Aural Qualities

If you were to close your eyes and simply listen to 21-87, you would notice that the aural quality of the piece is something that Lucas worked to recreate in his films. Lucas spent his career up to Star Wars emulating 21-87’s use of soundscape to create unique visions of the world. THX-1138 recreates the dead space of 21-87 and the audio workings of machines in a way that seems novel, but it’s all rooted in what Lucas saw in 21-87. In American Graffiti, Lucas’s second film, he applied these techniques in an even more sophisticated way, making the soundtrack a character by keeping all of the music recorded from the source of the picture, rather than an overlay.

But in the original Star Wars film, perhaps no sequence captures the kinetic audio space that 21-87 embodies more than the Battle of Yavin. Characters speaking dialogue all have their lines coming from whatever source we see in the picture’s frame, even if that frame shifts mid-sentence. Without the influence of 21-87, it’s easy to wonder if this sequence would have been half as effective.

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Some All-Powerful Force Controlling Everything

As important as some of the imagery, sound, and the title were to Star Wars, the biggest impact might have been 21-87’s influence on the Force itself. During the film, Lipsett included a conversation between Warren S. McCullough, an artificial intelligence pioneer, and Roman Kroitor, a cinematographer and co-founder of IMAX. In the film, McCullough asserts explicitly that humans are nothing more than machines, to which Kroiter responds, “Many people feel that in the contemplation of nature and in communication with other living things, they become aware of some kind of force, or something, behind this apparent mask which we see in front of us, and they call it God.”

When Wired asked Lucas if this exchange was the inspiration for the Force, Lucas explained that it sort of was. It was “an echo of that phrase in 21-87.” But he added the caveat that, “similar phrases have been used extensively by many different people for the last 13,000 years to describe the life force.”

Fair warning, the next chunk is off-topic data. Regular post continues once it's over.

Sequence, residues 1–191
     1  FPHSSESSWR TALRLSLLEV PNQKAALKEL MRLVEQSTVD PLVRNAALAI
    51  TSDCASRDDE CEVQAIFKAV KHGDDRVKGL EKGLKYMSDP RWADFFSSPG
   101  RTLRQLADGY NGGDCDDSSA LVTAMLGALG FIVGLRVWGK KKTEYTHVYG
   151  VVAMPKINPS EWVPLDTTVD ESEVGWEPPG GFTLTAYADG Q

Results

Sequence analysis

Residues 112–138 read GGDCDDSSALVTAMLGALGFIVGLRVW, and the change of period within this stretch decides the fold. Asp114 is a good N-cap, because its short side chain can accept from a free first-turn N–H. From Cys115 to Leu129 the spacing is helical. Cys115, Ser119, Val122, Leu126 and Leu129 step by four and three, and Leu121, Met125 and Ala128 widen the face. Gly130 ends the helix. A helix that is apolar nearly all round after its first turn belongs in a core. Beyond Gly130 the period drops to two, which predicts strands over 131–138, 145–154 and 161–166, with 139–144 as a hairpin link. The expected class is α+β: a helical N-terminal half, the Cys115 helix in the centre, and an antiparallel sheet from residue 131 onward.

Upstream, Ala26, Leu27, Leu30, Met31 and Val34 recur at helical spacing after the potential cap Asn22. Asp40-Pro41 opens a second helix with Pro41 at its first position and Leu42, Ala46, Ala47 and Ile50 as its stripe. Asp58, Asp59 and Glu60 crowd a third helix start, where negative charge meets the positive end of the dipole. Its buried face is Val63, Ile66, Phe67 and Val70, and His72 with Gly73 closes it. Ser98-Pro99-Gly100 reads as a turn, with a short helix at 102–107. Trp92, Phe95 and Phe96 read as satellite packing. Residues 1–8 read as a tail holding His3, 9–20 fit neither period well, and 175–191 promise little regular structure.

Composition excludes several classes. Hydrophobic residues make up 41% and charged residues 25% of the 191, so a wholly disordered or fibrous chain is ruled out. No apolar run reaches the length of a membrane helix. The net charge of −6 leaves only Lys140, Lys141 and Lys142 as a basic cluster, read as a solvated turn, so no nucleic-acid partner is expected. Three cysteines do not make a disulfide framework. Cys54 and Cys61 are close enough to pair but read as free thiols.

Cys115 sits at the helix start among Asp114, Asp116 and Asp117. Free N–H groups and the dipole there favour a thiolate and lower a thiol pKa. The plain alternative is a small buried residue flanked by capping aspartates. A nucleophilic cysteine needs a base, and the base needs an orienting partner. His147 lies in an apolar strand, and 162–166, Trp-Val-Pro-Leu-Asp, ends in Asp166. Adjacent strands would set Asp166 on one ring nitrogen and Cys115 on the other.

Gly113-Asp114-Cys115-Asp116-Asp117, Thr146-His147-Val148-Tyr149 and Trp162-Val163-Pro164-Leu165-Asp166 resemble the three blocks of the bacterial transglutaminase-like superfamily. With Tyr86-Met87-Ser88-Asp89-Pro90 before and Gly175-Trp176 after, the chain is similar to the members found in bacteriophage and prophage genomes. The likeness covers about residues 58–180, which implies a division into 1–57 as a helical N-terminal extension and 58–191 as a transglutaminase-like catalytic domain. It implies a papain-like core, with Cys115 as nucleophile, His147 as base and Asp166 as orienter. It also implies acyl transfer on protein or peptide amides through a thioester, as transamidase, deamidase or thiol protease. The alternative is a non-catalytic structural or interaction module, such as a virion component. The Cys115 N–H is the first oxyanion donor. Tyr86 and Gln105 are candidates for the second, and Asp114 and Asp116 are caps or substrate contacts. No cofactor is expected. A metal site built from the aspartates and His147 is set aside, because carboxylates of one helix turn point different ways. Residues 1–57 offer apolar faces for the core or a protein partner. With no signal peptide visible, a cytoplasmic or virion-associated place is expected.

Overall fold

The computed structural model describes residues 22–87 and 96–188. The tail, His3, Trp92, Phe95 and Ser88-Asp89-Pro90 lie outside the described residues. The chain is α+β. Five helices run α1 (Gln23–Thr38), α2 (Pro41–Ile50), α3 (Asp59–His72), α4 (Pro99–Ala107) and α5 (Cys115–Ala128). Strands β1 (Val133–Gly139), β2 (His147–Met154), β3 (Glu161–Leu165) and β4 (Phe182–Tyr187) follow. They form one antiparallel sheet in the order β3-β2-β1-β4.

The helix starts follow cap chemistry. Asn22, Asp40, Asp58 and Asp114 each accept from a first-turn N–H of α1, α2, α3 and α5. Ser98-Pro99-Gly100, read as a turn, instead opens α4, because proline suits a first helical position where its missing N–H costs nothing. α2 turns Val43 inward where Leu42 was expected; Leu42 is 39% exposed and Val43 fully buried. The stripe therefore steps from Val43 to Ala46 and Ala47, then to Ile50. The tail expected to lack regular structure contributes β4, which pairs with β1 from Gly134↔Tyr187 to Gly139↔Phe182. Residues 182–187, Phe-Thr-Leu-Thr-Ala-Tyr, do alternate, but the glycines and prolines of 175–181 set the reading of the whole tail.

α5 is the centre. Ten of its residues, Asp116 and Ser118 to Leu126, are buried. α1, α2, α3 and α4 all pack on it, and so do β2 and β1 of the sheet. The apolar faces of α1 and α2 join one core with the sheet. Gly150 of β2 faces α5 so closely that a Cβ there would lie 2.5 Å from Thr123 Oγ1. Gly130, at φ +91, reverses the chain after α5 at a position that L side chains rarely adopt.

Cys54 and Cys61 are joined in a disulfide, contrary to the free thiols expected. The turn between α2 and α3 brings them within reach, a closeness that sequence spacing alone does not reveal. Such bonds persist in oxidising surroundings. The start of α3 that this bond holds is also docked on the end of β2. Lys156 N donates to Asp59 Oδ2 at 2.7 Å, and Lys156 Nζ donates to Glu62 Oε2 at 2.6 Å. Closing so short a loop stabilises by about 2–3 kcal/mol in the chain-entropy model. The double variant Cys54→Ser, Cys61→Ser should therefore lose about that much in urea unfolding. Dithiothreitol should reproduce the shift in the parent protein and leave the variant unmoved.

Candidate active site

The Love of the Challenge

It’s impossible to understate the influence 21-87 had on George Lucas’s general sensibilities as a filmmaker. Lipsett set out to create an emotion with 21-87 like one would put a puzzle together. He put bits of footage he found on the editing room floor alongside footage he created himself and layered bits of audio and conversation over it in a way that shouldn’t work, but does. Masterfully, so. Lucas became fascinated with that sort of filmmaking.

When I interviewed Lucas for the release of Strange Magic, I asserted to him that coming up with complicated ways to make a movie was a part of his ‘director’s thumbprint.’ He agreed, “I like the challenge of, one, doing things that hadn’t been done before, telling stories in ways other people haven’t thought of before, having interesting combinations of things that are seemingly impossible, but making them work. Then, on top of that, being able to tell a story in a very entertaining way.”

One could say that the challenge Lucas gave himself was to take the method of making films like 21-87 and make them commercially viable and entertaining.

Can you think of a better film that exemplifies that more than Star Wars? Lucas used bits of World War II films for the FX teams to emulate and puzzled together the special effects that made Star Wars remarkable on scale no one ever had before. 21-87 was one of those stepping stones that led Lucas to become the pioneering filmmaker that brought us Star Wars.

21-87 is the sort of thing anyone interested in the history of film and Star Wars should see. Watching it after George Lucas’s distilled versions of ad nauseum over the years is an electrifying experience.